NSW’s golden handcuffs

AS FINANCIAL markets plunge and bound, the State Government’s continuing belief in the importance of its triple-A credit rating seems touchingly naive. The collateralised debt obligations which have levelled Wall Street titans and City of London behemoths were similarly rated triple A. That is not to say, of course, that all credit ratings are nonsense, or that a triple-A rating is not desirable – just that we should keep it in perspective.

Instead, the Premier is clinging to it like a drowning man to a piece of wreckage. He has spoken to ratings agencies. He knows what must be done to keep NSW AAA. Now he is softening the public up for deep cuts in infrastructure spending. NSW voters are accustomed to this Government announcing a railway here or a bridge there, then unannouncing them months later, when the need for excitement has passed; come the November mini-budget, though, the letdown is going to be comprehensive and statewide. Everything’s gotta go – except, of course, those three big As.

The likelihood of a recession because of the market turmoil makes this look an odd strategy: recessions are when governments usually stimulate the economy by borrowing and spending. It is even odder in a state where population growth is likely to overshoot estimates by nearly a million by 2031. Mr Rees’s single-minded parsimony seems to be a product of Treasury advice – which has elevated preserving the triple-A credit rating above all other goals – even, it seems, investment in the state’s future. Investment in economic infrastructure at any time is not wasteful or irresponsible. If Mr Rees invested in the state’s economy, he would be ensuring a good credit rating for decades to come.

Treasury’s tunnel vision on this point shows the balkanisation of the NSW public service at its destructive worst. Administration is not about improving the state, but about public service fiefdoms winning battles with their rivals. The Roads and Traffic Authority has it in for RailCorp and CityRail; the antipathy is mutual; and both take a dim view of Sydney Ferries.

Treasury says no to everyone. That is why there is no co-ordinated transport strategy, and why there could never be an integrated ticketing system. You can’t devise such things in an all-in brawl. It’s time to break this shiny, golden intellectual shackle, stop the infighting and work together to give this state a future. Don’t bank on the Government

AUSTRALIANS expect the Federal Government to be on their side when it comes to restraining interest rates. However, the Prime Minister, Kevin Rudd, and the Treasurer, Wayne Swan, sound as though they are backing the banks. Certainly, the pair are busy damping down expectations that banks will pass on next week’s expected cut in the Reserve Bank’s cash rate. Here’s Mr Swan’s idea of talking tough: "If the banks think they don’t have to necessarily pass on that official rate cut, they’ll want to put forward a very good case." No wonder the Opposition Leader, Malcolm Turnbull, accuses the Treasurer of running up the white flag.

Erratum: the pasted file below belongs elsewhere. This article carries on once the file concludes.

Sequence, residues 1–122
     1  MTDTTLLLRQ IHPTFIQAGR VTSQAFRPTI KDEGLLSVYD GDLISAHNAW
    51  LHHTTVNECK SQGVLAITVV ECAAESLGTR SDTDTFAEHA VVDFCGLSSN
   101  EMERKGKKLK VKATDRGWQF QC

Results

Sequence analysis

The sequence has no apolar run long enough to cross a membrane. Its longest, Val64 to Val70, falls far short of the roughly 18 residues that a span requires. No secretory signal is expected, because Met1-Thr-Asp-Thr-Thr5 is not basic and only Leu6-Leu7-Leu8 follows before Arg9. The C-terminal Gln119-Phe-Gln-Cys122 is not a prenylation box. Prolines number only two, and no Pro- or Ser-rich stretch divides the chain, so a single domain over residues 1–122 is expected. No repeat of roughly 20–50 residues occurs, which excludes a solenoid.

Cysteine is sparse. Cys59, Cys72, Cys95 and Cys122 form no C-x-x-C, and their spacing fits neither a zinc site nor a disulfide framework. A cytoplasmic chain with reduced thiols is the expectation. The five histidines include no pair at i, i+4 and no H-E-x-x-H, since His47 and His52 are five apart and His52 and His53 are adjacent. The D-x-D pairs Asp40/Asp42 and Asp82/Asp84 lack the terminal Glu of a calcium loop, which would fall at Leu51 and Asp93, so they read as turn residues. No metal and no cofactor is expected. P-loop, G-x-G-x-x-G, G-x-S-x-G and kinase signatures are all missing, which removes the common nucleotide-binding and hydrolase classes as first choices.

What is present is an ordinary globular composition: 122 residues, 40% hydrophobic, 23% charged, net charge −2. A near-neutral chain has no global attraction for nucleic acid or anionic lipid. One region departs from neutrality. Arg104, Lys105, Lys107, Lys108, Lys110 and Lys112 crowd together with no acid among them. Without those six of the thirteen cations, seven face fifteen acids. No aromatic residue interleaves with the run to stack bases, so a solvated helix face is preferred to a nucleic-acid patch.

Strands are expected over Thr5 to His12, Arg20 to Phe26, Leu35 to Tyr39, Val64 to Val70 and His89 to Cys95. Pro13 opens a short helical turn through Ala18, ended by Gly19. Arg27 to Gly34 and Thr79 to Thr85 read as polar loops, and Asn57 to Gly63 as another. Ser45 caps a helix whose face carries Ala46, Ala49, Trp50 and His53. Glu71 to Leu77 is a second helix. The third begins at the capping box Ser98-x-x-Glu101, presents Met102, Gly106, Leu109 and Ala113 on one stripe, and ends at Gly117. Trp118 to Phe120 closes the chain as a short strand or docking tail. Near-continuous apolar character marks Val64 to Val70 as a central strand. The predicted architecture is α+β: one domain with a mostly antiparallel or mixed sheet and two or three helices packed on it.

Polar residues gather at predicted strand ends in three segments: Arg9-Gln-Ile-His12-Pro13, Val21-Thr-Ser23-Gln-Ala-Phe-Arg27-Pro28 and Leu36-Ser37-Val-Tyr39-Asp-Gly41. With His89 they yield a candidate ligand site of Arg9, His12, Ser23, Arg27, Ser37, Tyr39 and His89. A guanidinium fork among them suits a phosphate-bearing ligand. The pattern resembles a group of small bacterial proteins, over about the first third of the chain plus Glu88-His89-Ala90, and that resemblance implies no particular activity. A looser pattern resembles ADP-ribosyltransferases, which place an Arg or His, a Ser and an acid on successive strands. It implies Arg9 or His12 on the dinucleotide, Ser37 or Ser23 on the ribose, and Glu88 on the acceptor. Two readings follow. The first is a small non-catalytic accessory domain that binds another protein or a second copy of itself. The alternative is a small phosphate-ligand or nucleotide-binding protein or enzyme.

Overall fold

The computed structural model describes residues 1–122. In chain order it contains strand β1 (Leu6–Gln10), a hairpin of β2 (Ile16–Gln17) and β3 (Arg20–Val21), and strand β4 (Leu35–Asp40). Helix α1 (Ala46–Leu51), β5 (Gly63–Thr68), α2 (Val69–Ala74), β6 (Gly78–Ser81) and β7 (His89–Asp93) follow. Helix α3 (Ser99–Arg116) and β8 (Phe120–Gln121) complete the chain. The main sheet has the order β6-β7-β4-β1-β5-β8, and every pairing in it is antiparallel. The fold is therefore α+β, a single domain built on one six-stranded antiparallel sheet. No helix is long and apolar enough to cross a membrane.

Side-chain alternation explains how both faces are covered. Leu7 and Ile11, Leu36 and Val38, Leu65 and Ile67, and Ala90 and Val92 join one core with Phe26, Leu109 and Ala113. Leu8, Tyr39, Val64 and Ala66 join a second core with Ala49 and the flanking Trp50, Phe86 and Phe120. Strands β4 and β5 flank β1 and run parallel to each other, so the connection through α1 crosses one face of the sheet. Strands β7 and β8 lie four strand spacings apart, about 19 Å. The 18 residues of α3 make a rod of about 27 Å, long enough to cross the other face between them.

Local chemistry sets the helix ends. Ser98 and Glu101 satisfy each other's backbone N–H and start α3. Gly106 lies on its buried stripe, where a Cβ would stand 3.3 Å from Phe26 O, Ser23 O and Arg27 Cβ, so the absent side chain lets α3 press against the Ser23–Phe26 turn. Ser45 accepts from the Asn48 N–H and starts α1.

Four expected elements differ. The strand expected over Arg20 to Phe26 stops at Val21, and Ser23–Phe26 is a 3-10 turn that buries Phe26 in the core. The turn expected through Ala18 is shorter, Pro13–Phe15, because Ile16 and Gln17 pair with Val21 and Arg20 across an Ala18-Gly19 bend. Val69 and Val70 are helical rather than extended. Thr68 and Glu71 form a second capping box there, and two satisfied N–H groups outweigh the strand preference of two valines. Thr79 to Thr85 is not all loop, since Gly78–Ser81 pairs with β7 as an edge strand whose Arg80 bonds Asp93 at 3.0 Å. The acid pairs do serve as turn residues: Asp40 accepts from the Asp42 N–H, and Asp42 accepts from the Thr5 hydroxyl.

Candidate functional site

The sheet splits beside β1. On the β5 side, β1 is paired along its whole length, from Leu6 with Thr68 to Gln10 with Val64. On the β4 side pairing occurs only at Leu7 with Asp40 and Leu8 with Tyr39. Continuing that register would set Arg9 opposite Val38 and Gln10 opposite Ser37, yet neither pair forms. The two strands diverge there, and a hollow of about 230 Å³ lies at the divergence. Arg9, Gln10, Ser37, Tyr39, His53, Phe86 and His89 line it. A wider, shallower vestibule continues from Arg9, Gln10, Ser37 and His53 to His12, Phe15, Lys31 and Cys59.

Why is the Government so accommodating? After all, Mr Rudd has lately been trumpeting the strength of our financial institutions. "Our major banks are in good order, their balance sheets are strong and they’re well regulated." And, the Prime Minister might have added, they’re very profitable, too. That being so, Mr Rudd and Mr Swan should be putting maximum public pressure on them to do the right thing by borrowers.

That’s not to deny that banks face higher borrowing costs, especially on money from overseas. But the impact will vary from bank to bank, depending on the size of their domestic deposit base, and how much they borrow offshore, for how long and at what price. The Government should be encouraging the strongest to set the most competitive rates. Long-term home loan customers are entitled to expect some protection from buffeting by short-term fluctuations.

Home lending is dominated by Australia’s major banks. Lately the big four have been increasing their share of that market as smaller lenders have found they can no longer compete for funds. That trend can only only encourage the natural inclination of banks to pass on the pain of interest rate rises to borrowers, and keep the benefits for shareholders. This cosy oligopoly hardly needs further encouragement from Mr Rudd and Mr Swan.

It certainly looks like the banks have been working behind the scenes to soften up the Government and its advisers. They did not want a repeat of Mr Swan’s insistence last month that banks pass on the rate cut in full. It appears the banks have let the Prime Minister and the Treasurer know that such tough talk this time round could leave them looking ineffective. If that was the warning, it has certainly worked.